1. Deploy the pi-hole helm chart on Google Kubernetes Engine (GKE)


    To deploy the Pi-hole Helm chart on Google Kubernetes Engine (GKE), you need to follow these steps:

    1. Create a GKE cluster: You need to have a running GKE cluster where you'll be deploying your Pi-hole Helm chart. A GKE cluster consists of at least one control plane and multiple worker nodes.

    2. Install Helm: Helm is a package manager for Kubernetes that allows you to manage Kubernetes applications. Helm charts help you define, install, and upgrade even the most complex Kubernetes applications.

    3. Deploy Pi-hole Helm chart: Once you have Helm installed, you can then deploy the Pi-hole application onto your GKE cluster using the appropriate Helm chart.

    Below is a Pulumi TypeScript program that sets up a GKE cluster and deploys Pi-hole using Helm:

    import * as pulumi from "@pulumi/pulumi"; import * as gcp from "@pulumi/gcp"; import * as k8s from "@pulumi/kubernetes"; // Step 1: Create the GKE cluster const cluster = new gcp.container.Cluster("pi-hole-cluster", { initialNodeCount: 2, minMasterVersion: "latest", nodeVersion: "latest", location: "us-central1-a", nodeConfig: { machineType: "n1-standard-1", oauthScopes: [ "https://www.googleapis.com/auth/compute", "https://www.googleapis.com/auth/devstorage.read_only", "https://www.googleapis.com/auth/logging.write", "https://www.googleapis.com/auth/monitoring", ], }, }); // Export the Cluster name export const clusterName = cluster.name; // Step 2: Configure K8s provider to use the GKE cluster const k8sProvider = new k8s.Provider("k8s-provider", { kubeconfig: cluster.endpoint.apply(endpoint => { return cluster.name.apply(name => { return cluster.masterAuth.apply(masterAuth => { const context = `${gcp.config.project}_${gcp.config.zone}_${name}`; return `apiVersion: v1 clusters: - cluster: certificate-authority-data: ${masterAuth.clusterCaCertificate} server: https://${endpoint} name: ${context} contexts: - context: cluster: ${context} user: ${context} name: ${context} current-context: ${context} kind: Config preferences: {} users: - name: ${context} user: auth-provider: config: cmd-args: config config-helper --format=json cmd-path: gcloud expiry-key: '{.credential.token_expiry}' token-key: '{.credential.access_token}' name: gcp `; }); }); }), }); // Step 3: Create the Helm Release for Pi-hole const piHole = new k8s.helm.v3.Release("pi-hole", { chart: "pihole", version: "1.8.17", // Use the version of Pi-hole that you want to deploy namespace: "default", // Replace with the namespace where you want to install Pi-hole }, { provider: k8sProvider }); // Export the Pi-hole Helm chart release status export const piHoleStatus = piHole.status;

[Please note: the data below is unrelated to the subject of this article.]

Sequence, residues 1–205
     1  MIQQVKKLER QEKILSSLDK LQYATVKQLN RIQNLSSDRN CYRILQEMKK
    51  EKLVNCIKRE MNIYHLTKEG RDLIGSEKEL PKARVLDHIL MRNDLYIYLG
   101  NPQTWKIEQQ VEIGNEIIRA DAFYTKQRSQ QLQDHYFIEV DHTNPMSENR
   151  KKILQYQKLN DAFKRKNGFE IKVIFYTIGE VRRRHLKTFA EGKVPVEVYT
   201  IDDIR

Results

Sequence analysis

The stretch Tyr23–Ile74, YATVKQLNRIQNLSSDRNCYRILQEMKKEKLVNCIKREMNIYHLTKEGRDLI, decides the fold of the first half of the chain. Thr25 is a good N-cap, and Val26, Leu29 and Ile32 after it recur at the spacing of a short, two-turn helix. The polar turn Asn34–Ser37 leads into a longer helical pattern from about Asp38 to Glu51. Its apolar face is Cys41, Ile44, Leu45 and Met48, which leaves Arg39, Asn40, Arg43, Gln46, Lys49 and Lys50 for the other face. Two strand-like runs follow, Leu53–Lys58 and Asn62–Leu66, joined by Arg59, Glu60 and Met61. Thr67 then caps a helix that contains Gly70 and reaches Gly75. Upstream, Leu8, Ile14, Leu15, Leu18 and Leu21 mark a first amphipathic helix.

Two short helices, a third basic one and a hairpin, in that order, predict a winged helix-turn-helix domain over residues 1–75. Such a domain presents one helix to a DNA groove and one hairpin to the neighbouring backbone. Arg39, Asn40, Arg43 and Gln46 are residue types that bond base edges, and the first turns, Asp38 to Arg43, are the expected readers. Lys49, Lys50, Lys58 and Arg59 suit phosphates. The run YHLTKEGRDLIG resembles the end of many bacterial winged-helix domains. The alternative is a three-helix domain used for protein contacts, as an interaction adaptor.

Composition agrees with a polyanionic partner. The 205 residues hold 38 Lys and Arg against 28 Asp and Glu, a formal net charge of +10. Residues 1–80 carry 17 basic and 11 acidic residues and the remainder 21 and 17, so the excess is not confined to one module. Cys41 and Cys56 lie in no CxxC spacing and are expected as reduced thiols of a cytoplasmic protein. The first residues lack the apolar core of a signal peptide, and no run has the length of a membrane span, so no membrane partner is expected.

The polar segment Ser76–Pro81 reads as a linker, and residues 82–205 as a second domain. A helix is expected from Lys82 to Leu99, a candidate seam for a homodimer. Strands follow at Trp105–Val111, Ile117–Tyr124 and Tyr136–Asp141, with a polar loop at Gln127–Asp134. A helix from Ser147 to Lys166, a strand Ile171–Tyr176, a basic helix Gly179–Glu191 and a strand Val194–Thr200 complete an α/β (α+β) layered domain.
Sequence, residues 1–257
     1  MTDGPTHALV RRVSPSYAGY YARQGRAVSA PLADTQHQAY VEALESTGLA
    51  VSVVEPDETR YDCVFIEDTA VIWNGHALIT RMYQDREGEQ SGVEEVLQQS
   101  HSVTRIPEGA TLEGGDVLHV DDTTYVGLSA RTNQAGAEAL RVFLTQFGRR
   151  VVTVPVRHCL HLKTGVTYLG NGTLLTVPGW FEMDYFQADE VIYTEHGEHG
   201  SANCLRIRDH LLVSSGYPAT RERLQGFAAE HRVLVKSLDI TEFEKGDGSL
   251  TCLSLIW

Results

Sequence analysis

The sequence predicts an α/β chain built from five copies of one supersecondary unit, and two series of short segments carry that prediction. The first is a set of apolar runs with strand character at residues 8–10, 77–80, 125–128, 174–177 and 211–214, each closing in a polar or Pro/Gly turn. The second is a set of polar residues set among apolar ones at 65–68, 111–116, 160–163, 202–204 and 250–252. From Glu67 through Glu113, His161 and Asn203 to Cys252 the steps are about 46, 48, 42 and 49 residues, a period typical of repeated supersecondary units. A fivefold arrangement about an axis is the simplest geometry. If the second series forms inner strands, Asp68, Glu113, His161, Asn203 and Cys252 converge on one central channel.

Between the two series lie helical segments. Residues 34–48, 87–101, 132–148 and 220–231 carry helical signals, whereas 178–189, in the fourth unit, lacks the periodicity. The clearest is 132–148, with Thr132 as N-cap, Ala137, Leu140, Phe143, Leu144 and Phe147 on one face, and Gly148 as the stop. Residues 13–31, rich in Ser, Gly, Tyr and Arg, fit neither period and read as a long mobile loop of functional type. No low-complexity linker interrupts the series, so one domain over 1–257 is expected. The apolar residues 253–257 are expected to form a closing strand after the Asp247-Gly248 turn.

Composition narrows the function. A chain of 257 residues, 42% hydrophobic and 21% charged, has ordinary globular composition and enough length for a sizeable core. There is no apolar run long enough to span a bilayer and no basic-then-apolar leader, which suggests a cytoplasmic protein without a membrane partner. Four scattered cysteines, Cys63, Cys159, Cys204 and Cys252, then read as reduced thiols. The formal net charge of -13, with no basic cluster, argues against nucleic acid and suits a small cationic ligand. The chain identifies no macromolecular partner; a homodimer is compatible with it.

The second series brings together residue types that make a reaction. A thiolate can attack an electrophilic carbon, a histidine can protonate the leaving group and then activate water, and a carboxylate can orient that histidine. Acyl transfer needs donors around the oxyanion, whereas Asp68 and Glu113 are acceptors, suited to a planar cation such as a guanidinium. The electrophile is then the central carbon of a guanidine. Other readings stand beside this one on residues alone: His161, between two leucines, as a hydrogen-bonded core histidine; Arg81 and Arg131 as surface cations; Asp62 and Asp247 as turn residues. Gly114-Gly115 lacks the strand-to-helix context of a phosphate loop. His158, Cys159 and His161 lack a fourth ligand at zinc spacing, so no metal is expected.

Explanation of the resources used:

    1. gcp.container.Cluster: This resource creates a GKE cluster. The parameters include the desired number of nodes (initialNodeCount) and the machine type for each node (machineType). Adjust the machineType and initialNodeCount as needed.

    2. k8s.Provider: This resource is used to interact with the newly created GKE cluster. It's configured with kubeconfig which is derived from the cluster endpoint and authentication data.

    3. k8s.helm.v3.Release: This resource represents a Helm chart deployment. It's used to deploy the Pi-hole application on the GKE cluster.

    For more information on these resources, you can refer to the official Pulumi documentation for GCP and Kubernetes.

    Keep in mind that the actual version of the pihole Helm chart and the namespace can change, so you should specify the appropriate version and namespace for your deployment. Additionally, this program assumes that you've already set up Pulumi, GCP credentials, and Helm locally. The actual deployment of the Pi-hole Helm chart may require additional configuration specific to Pi-hole, such as setting up a LoadBalancer with a static IP for the DNS service.